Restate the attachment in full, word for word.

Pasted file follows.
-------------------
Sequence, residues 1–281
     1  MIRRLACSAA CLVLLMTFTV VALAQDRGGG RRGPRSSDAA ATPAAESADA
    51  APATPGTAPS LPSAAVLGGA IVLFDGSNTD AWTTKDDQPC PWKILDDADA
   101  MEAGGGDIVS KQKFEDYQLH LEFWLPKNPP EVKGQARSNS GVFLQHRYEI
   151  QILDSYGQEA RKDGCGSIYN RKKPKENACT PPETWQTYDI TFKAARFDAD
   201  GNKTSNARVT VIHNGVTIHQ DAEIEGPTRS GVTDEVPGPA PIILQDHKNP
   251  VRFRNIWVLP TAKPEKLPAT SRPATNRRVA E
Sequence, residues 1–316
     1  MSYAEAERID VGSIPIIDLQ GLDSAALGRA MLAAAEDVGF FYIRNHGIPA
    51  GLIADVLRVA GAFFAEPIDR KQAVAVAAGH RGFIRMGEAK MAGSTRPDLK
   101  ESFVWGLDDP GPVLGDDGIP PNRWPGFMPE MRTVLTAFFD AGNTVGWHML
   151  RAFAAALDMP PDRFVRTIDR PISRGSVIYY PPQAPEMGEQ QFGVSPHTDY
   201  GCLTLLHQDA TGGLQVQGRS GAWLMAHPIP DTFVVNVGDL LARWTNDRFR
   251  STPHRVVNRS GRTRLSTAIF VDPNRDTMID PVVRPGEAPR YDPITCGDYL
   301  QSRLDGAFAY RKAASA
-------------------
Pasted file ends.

Sequence, residues 1–281
     1  MIRRLACSAA CLVLLMTFTV VALAQDRGGG RRGPRSSDAA ATPAAESADA
    51  APATPGTAPS LPSAAVLGGA IVLFDGSNTD AWTTKDDQPC PWKILDDADA
   101  MEAGGGDIVS KQKFEDYQLH LEFWLPKNPP EVKGQARSNS GVFLQHRYEI
   151  QILDSYGQEA RKDGCGSIYN RKKPKENACT PPETWQTYDI TFKAARFDAD
   201  GNKTSNARVT VIHNGVTIHQ DAEIEGPTRS GVTDEVPGPA PIILQDHKNP
   251  VRFRNIWVLP TAKPEKLPAT SRPATNRRVA E
Sequence, residues 1–316
     1  MSYAEAERID VGSIPIIDLQ GLDSAALGRA MLAAAEDVGF FYIRNHGIPA
    51  GLIADVLRVA GAFFAEPIDR KQAVAVAAGH RGFIRMGEAK MAGSTRPDLK
   101  ESFVWGLDDP GPVLGDDGIP PNRWPGFMPE MRTVLTAFFD AGNTVGWHML
   151  RAFAAALDMP PDRFVRTIDR PISRGSVIYY PPQAPEMGEQ QFGVSPHTDY
   201  GCLTLLHQDA TGGLQVQGRS GAWLMAHPIP DTFVVNVGDL LARWTNDRFR
   251  STPHRVVNRS GRTRLSTAIF VDPNRDTMID PVVRPGEAPR YDPITCGDYL
   301  QSRLDGAFAY RKAASA